Operating Agreement Content/Topics

7 Replies

Hi All,

I'm working on topics to be insert in an operating agreement for a partnership (we are using an attorney, but I want to get a head start) I'll be entering into.  I want to make sure we cover everything.  Any input for additional topics would be most appreciated.

  1. Role definitions and overarching responsibilities:
  2. Contributions and valuation of such:
  3. Distributions:
  4. Exit strategy (or strategies):
  5. Succession in case of illness or death:
  6. Dissolution by mutual agreement:
  7. Dissolution by demand of one partner:

powers and duties, buyout and buy-sell

No substitution of ownership without unanimous consent except in case of death(or not).

No payout of profits without unanimous approval(or not)

What to do about bankruptcy, death, buy out, incapacity, or even disagreement.  

Splitting profits and losses.

Personally I never do partnerships, use an LLC or a sub S corp.

Thank you Maolo and Jerry for your input. We are looking at LLC formation too. Great topics for us to discuss and include.

Best, Kathleen

Glad to see the topic, you also need input from an accountant and tax advisor, I agree with Jerry that an LLC is the better way to go.

Unanimous consent as to members can have tax consequences and is usually the best choice besides keeping all members on a better comfort level. It also may effect the buy-sell and admitting members by law, heirs and assigns.

I suggest being more specific as to describing the purpose and scope of operations, saying to do all things customary and then doing what you think may be customary can venture off into other tax code classifications of business, such as lending, and doing too much of another activity may put you in a different light and acting outside the scope of the primary mission.  Adding that the order of activities is to be inclusive and not as to any emphasis of the order of description of activities may reduce claims as to getting away from the customary business to be conducted.

Need a cut off amount authorizing a manager to incur debt or expense monies in the course of administration without member consent, like $500.00 Someone has to pay the utility bill or buy stationary without making it a board meeting event. Amounts in excess can require consent.

Consider a different class of members, just as preferred and common stockholders, the voting rights do not have to be the same, but do have your attorney check state requirements to this angle. A lower class of membership may allow you to admit members for specific transactions, once the deal is done, they can be removed by consent or limited to time. Yes, this gets more involved, but making an investor a member can be a big plus avoiding lending issues and having to file liens when accounting practices can govern capital contributions to a specific deal.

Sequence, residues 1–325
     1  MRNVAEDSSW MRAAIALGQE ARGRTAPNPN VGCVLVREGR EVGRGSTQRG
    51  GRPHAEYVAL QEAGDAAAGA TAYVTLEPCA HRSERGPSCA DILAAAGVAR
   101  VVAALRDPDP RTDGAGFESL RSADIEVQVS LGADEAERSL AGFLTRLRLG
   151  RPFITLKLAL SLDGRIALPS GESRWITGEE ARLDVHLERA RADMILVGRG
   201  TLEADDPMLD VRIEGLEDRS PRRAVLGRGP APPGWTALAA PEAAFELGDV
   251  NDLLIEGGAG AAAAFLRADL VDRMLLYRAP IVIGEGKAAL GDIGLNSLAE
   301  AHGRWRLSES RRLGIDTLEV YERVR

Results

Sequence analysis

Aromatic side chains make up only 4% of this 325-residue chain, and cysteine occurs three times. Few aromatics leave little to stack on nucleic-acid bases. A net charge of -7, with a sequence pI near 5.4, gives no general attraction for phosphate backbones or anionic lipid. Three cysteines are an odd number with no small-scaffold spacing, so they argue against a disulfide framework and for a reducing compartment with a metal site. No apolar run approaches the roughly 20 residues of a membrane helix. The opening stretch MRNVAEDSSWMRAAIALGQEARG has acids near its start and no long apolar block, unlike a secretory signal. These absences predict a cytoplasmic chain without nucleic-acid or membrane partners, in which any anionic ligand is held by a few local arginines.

The Series LLC is not available in all states, there are advantages as to liability inside the entity and between partners, but it can also have other issues requiring all members execute notes, assignments and contingent liabilities when the interests of others are significant to the LLC, a member's cell may be able to conduct its own business and that member may be required to be subsidized in some cases.

Don't forget in the replacement of members to include the refusal to act in a given time period from notice, it's a real pain when the guy just won't act but isn't dead or incapacitated. 

I generally use a forced sale for assets, you obtain two appraisals and sell at the average of the two, provisions of selecting appraisers, time the asset is held. You can get a partner who holds out for a better price and it may not ever sell.

Don't rely on statutes to apply, such as profits as to contributions or replacing an officer or member when that matter is not specifically addressed (I bet most internet docs take this easy way out) each matter should be stipulated IMO, even if it is generally as applied by law when not addressed.

This stuff is worth investigating and deeper consideration, map out your business plan and devise agreements around the big picture and not to just what is to be accomplished but also as to what might be accomplished allowing you to grow and expand. Articles can be amended, but that is just another expense, so make allowances the first time around. :)

@Bill Gulley , great information.  Your feedback prompted me to add quite a few additional "items" to our draft agreement.  What a pain...drafting legal documents is surely not the reason I started this business nor where I want to be spending my time.  How come they never share these topics on HGTV!?  ;-)

Maybe because being in the real estate business isn't as easy as they would like for you to believe! You'll save time and money by allowing others to  do what they do best and better than you do, so see your attorney. :)

@Kathleen Hendricks , @Gregory Tigan , take notes.  What @Bill Gulley has given you in a few minutes of writing is actually better than some lawyers who I know who charge $1,000 just to set an LLC that does not have an operating agreement like what has been shown to you. The basics of a good partnership is preparing for both the expected and the unexpected. Good communication is also key. Be sure to give Bill a vote for his excellent advice, and good luck in your investing.

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